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Spring is Here!

True, it may be snowy and windy, but soon the drab shades of winter will be replaced with the vibrant colors of spring.  The crocus are already beginning to bloom, followed shortly by quince, forsythia, redbuds and others.  It’s time to get outside and get dirty – in the garden. Whether you have a large yard, a small balcony, or just a narrow window sill, there’s a garden in your future this spring.  Gardening has it all – nature, science, exercise, and the old-fashioned satisfaction of seeing your hard work bear fruit – it’s no wonder that so many schools are becoming involved.

Gardening is a great way for the whole family to work and learn together, and the Children’s Library can help you get started.  We have many helpful books (j 635 in the non-fiction section) with topics ranging from preparing soil and composting to growing fruits and vegetables.  Special projects for every season are also featured.   Learn how to build a bird house, make a rain gauge, attract butterflies, and much, much more.

Below are just a few of the titles that can help you get started:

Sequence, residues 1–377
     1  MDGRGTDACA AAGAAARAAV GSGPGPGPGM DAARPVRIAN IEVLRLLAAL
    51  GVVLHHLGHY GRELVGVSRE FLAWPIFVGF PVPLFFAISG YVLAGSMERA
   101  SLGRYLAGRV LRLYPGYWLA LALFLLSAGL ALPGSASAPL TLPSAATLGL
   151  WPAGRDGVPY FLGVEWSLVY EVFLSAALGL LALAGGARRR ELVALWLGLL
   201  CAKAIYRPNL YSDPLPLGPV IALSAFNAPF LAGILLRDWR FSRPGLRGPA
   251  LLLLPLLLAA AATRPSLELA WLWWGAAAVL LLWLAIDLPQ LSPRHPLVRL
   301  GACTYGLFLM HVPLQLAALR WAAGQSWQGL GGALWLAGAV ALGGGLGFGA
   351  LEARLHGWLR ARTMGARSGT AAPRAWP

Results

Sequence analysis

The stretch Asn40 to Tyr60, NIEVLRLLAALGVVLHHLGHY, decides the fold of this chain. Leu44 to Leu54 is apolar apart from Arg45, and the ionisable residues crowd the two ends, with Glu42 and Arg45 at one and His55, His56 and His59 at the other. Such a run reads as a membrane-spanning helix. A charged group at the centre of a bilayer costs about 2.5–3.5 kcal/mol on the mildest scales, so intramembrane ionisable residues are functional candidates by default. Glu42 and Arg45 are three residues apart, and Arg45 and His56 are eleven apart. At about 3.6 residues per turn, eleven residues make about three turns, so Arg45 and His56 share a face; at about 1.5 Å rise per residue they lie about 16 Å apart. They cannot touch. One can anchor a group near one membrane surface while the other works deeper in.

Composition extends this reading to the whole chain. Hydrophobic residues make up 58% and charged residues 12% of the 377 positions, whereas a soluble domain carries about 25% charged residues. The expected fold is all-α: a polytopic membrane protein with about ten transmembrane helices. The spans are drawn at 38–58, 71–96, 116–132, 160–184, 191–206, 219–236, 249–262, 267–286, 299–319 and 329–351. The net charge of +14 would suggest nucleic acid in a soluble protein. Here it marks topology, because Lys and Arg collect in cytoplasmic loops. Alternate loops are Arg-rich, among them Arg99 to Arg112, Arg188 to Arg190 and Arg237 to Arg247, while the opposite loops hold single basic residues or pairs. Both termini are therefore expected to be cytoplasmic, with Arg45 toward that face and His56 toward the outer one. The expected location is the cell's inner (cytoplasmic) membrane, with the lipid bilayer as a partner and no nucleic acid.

Rocks, Dirt, Worms & Weeds by Jeff Hutton is a clear and well-organized book divided into sections that correspond to the four seasons.  Each section includes gardening activities appropriate for that season, plus creative projects related to gardening, such as finding north, pressing flowers, roasting pumpkin seeds, and making paper embedded with seeds that can be planted directly into the soil.

101 Kid-Friendly Plants by Cindy Krezel features 101 common plants that are safe to eat and simple to grow plus more seasonal activities and science projects.

Jack’s Garden by Henry Cole is a beautifully illustrated book for younger readers that shows the evolution of a garden from early spring to late summer.

The Kids Can Press Jumbo Book of Gardening by Karyn Morris includes many great gardening activities plus sections devoted to native plants, wildlife gardens, and community and school gardens.

Garbage Helps Our Garden Grow: a Compost Story by Linda Glaser uses photographs to show how one family works together to turn their table and yard scraps into rich, dark soil for the garden.


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